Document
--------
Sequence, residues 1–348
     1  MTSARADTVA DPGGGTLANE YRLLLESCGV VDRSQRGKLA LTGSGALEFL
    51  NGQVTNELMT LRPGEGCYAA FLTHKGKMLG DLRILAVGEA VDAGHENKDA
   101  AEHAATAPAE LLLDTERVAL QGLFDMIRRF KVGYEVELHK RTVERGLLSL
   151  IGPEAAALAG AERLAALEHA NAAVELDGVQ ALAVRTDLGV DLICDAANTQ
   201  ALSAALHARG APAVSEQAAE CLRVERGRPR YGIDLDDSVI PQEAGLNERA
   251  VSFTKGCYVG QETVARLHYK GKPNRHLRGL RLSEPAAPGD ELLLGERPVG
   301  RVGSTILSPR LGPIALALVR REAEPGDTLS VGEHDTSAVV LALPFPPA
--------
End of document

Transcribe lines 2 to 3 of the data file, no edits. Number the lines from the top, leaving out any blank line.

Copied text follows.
     1  MTSARADTVA DPGGGTLANE YRLLLESCGV VDRSQRGKLA LTGSGALEFL
    51  NGQVTNELMT LRPGEGCYAA FLTHKGKMLG DLRILAVGEA VDAGHENKDA